India’s Latest Bank Rescue Lays Out More Creditor-Friendly Path
Indian rupee notes and coins displayed in Mumbai, India (Photographer: Santosh Verma/ Bloomberg)

India’s Latest Bank Rescue Lays Out More Creditor-Friendly Path

Creditors of smaller Indian bank lenders may have reason to cheer the central bank’s approach to the rescue of Lakshmi Vilas Bank Ltd., which contrasts with the bailout of a larger local bank earlier this year.

For one, the merger plan laid out by the Reserve Bank of India late Tuesday envisions the white knight -- DBS Group Holdings Ltd.’s India unit -- taking over the lender’s debt. That’s in part a consequence of a crucial difference in the proposed deal structure that contrasts with the rescue of Yes Bank Ltd. in March.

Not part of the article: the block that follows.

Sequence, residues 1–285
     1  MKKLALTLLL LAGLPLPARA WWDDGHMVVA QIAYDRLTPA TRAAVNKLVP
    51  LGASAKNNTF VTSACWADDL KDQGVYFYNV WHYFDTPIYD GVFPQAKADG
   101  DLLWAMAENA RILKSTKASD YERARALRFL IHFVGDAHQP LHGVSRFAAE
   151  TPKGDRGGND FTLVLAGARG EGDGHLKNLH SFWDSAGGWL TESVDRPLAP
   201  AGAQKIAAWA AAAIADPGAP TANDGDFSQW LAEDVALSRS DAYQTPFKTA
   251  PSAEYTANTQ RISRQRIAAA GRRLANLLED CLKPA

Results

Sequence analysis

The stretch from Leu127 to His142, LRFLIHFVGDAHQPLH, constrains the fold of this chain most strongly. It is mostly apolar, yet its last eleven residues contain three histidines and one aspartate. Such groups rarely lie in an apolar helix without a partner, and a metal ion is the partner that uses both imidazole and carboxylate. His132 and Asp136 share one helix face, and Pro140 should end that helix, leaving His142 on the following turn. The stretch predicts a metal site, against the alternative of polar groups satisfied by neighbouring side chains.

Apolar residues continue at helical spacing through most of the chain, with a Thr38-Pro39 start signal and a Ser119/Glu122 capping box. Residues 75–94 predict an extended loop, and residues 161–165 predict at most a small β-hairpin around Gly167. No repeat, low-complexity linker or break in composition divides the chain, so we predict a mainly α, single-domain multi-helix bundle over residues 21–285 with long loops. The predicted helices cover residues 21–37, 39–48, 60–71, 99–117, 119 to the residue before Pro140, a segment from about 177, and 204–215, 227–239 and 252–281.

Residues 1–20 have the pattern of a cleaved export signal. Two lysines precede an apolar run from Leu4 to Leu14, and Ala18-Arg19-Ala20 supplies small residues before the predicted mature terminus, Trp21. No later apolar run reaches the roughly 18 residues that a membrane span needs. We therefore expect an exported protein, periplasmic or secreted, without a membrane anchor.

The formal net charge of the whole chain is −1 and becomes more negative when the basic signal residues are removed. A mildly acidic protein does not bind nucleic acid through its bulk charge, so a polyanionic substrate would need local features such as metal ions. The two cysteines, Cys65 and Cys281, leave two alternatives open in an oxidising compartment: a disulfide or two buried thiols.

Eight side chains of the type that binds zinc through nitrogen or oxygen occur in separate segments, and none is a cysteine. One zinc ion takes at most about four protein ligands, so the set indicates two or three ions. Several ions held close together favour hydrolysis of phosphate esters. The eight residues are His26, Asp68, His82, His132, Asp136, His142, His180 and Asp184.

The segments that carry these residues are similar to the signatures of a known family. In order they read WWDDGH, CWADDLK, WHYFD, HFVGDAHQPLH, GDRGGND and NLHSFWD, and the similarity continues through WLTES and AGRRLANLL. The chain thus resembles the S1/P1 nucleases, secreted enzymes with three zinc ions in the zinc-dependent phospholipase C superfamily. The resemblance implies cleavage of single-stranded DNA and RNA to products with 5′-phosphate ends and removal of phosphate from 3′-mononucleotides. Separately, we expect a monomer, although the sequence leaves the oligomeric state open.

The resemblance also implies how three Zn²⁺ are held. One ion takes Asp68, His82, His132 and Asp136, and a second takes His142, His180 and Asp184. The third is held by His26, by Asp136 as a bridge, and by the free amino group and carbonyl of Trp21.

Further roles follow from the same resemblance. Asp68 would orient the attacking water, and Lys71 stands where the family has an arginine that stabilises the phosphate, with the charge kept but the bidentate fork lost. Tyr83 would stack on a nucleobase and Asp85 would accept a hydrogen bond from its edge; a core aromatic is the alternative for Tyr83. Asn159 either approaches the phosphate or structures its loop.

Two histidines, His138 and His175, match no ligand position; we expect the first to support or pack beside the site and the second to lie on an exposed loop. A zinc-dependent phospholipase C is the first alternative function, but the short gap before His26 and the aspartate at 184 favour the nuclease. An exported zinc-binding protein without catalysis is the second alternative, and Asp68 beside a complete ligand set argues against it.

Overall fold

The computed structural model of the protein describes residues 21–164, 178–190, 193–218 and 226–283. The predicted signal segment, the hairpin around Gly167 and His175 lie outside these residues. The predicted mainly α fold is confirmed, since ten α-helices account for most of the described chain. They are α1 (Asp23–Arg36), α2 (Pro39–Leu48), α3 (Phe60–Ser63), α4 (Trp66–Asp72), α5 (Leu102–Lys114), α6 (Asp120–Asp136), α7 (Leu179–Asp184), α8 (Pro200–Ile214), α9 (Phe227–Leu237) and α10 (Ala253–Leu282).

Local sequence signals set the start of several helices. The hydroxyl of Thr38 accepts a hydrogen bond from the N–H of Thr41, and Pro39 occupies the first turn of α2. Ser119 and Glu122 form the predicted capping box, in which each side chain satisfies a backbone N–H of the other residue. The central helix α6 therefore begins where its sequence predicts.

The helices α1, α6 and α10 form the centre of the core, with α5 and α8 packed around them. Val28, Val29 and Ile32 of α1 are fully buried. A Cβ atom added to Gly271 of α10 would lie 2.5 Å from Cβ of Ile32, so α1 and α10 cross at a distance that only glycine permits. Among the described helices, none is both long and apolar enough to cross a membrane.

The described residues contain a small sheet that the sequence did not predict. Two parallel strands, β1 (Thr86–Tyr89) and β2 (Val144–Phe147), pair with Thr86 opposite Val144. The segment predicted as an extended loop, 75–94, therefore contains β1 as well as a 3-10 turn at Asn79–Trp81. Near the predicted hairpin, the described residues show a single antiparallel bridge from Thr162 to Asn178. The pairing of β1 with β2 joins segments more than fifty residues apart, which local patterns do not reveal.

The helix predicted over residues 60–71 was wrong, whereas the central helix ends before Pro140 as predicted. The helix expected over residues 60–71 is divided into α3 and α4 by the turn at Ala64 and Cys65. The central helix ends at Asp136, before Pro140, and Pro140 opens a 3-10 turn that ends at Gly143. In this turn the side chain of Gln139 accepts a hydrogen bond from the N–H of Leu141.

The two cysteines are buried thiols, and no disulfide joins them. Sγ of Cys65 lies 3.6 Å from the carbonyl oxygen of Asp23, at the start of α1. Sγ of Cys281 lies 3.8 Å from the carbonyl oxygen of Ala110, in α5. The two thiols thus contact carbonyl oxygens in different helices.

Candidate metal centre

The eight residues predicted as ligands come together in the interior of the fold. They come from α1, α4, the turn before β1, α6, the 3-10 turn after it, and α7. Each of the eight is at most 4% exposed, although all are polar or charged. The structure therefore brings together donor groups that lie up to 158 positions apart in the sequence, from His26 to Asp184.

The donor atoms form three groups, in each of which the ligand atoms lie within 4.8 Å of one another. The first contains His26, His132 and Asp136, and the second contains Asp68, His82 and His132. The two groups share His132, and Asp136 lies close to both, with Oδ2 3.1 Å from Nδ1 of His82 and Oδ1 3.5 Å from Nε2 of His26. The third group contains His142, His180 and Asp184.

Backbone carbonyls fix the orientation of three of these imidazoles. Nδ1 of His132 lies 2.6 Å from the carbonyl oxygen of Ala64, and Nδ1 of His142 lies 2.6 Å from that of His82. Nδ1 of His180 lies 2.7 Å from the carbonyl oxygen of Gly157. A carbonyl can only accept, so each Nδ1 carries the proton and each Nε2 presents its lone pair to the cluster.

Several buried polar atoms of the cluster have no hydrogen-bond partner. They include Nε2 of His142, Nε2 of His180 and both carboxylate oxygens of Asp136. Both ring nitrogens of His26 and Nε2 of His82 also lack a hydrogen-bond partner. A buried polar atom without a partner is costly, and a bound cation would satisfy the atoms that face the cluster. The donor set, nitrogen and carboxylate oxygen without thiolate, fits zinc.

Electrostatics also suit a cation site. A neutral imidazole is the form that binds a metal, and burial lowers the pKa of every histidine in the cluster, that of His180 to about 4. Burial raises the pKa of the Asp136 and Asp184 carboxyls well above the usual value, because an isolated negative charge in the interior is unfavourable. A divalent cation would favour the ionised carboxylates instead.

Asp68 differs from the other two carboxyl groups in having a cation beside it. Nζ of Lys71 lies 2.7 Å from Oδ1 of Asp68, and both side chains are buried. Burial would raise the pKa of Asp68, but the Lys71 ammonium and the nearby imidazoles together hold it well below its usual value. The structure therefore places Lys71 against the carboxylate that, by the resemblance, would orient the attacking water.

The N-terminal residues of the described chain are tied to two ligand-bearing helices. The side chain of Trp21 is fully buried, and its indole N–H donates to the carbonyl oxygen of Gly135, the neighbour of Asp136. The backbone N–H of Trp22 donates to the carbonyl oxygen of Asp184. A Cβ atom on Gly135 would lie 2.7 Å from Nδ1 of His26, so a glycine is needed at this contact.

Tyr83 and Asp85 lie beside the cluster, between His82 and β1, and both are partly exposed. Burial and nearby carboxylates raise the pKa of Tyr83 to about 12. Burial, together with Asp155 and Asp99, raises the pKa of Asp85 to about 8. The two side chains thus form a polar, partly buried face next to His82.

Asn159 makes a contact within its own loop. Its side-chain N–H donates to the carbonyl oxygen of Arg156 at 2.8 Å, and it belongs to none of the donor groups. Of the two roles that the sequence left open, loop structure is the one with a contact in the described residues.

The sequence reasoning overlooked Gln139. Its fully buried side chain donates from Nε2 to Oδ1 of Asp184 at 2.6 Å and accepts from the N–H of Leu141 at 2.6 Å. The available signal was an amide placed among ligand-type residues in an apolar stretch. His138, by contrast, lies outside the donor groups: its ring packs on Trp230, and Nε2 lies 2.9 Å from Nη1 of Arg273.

DBS’s India unit will merge with Lakshmi Vilas, unlike in Yes Bank, where the rescue investors simply took financial stakes in the bank and pumped in capital, without actually combining entities and assuming their debt.

The plan also doesn’t make an explicit provision for writing down any of the debt of Lakshmi Vilas before the merger -- unlike with Yes Bank, where the lender’s Additional Tier 1 bonds were specifically written down.

Creditors may do well though to avoid reading too much into the new approach. Lakshmi Vilas is far smaller than Yes Bank, making it easier to digest. Finding a buyer willing to take the same creditor-friendly approach may be harder to replicate with larger lenders.

©2020 Bloomberg L.P.

BQ Install

Bloomberg Quint

Add BloombergQuint App to Home screen.